Metal for delivery in three months rose as much as 1.2 percent to $8,517.50 a metric ton, and traded at $8,475 by 3:09 p.m. Shanghai time. The May-delivery contract on the Comex increased 1 percent to $3.86 a pound.
On the LME, aluminum gained 0.9 percent to $2,235 a ton, zinc increased 1.4 percent to $2,060 a ton and lead climbed 1.2 percent to $2,099 a ton. Nickel advanced 0.9 percent to $20,340 per ton and tin rose 1.9 percent to $24,801 per ton. Base metals markets: NI BMMKTS <GO>
GRAINS, SOFT COMMODITIES
Soybeans fell for the first time in four days on speculation the rally to a four-month high may reduce its appeal for importers and as U.S. crushing declines.
May-delivery soybeans lost as much as 0.5 percent to $12.565 a bushel on the Chicago Board of Trade, before trading at $12.60 at 3:38 p.m. in Singapore. The price climbed as high as $12.69 yesterday, the most expensive for the most-active contract since Oct. 17.
Corn for May delivery was unchanged at $6.38 a bushel on the Chicago Board of Trade. Wheat for the same month increased 0.3 percent to $6.4075 a bushel.
Palm oil declined from the highest level in more than a month as exports slowed from Malaysia, the second-largest producer after Indonesia. The April-delivery contract fell as much as 0.7 percent to 3,182 ringgit ($1,047) a metric ton on the Malaysia Derivatives Exchange, and traded at 3,191 ringgit at 3:49 p.m. in Kuala Lumpur. Futures rose 1.2 percent yesterday, climbing for a second day, to the highest close since Jan. 11.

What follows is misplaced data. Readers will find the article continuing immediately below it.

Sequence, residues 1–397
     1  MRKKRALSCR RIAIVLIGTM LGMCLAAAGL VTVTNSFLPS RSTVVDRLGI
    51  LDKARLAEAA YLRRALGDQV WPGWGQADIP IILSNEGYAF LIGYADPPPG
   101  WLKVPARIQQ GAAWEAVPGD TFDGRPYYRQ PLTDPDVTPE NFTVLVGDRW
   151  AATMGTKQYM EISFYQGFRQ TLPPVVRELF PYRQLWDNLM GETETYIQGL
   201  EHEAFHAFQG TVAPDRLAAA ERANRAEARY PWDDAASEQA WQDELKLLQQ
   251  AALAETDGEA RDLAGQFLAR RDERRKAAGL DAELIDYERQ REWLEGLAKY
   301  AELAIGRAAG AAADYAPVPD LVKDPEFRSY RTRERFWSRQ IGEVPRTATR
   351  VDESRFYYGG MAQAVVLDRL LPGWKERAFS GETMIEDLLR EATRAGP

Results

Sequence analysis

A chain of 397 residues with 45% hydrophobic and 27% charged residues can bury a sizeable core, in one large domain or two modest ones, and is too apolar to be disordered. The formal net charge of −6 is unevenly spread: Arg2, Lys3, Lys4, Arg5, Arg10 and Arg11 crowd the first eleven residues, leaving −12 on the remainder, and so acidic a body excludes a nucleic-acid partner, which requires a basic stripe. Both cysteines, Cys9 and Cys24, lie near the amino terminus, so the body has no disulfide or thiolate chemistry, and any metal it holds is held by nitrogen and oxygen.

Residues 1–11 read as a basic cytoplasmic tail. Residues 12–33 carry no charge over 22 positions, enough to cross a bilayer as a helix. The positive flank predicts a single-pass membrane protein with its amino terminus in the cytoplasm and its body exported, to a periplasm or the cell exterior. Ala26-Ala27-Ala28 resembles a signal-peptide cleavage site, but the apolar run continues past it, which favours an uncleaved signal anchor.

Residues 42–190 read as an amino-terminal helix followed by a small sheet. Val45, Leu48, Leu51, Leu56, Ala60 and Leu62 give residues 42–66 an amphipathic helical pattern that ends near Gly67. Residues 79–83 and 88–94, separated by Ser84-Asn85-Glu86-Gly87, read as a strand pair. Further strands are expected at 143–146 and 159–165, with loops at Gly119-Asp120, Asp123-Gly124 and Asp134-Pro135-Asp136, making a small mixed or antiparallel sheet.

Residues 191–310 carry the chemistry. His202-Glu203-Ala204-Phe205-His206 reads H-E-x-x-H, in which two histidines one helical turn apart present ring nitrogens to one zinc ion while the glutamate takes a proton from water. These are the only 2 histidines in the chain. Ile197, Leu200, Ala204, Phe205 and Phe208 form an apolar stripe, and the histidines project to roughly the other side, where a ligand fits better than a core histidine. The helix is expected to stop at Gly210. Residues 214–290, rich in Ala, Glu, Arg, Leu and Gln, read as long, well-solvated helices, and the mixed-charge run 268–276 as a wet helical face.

Orange juice futures for March delivery fell 0.1 percent to settle at $1.8395 a pound yesterday on ICE Futures U.S. in New York. The price dropped for the sixth straight session, the longest slump since mid-November. The commodity has declined 19 percent from a record $2.2695 on Jan. 23.
Cotton futures for May delivery rose 0.3 percent to 92.84 cents a pound in New York, the third straight gain.
Arabica coffee for May delivery fell 3.9 percent to close at $2.0615 a pound at yesterday on ICE Futures U.S. in New York, the biggest loss for a most-active contract since Oct. 25. Earlier, the price slipped to $2.053, the lowest for a most- active contract since Dec. 10, 2010.
Raw-sugar futures for May delivery declined 1.9 percent to 22.83 cents a pound on ICE, the first decline for the contract in a week and the biggest since Jan. 27. The commodity has slumped 21 percent in the past year.
Cocoa futures for May delivery rose 3.6 percent to $2,270 a metric ton in New York, the biggest gain for a most-active contract since Jan. 24.
Cattle futures for April delivery advanced 0.9 percent to close at $1.2925 a pound yesterday on the Chicago Mercantile Exchange, after reaching $1.2945, the highest for a most-active contract since Jan. 25, when the commodity jumped to a record $1.29675. Prices have gained 6.4 percent this year and almost 14 percent from a year ago. Feeder-cattle futures for March settlement increased 1 percent to $1.5625 a pound in Chicago, after reaching a record $1.568.
Hog futures for April settlement gained 1.9 percent to settle at 89.625 cents a pound in Chicago. Prices are up 6.3 percent this year. Soft commodity markets: NI SOMKTS <GO> Grain markets: NI GRMKTS <GO>
--Editor: Christian Schmollinger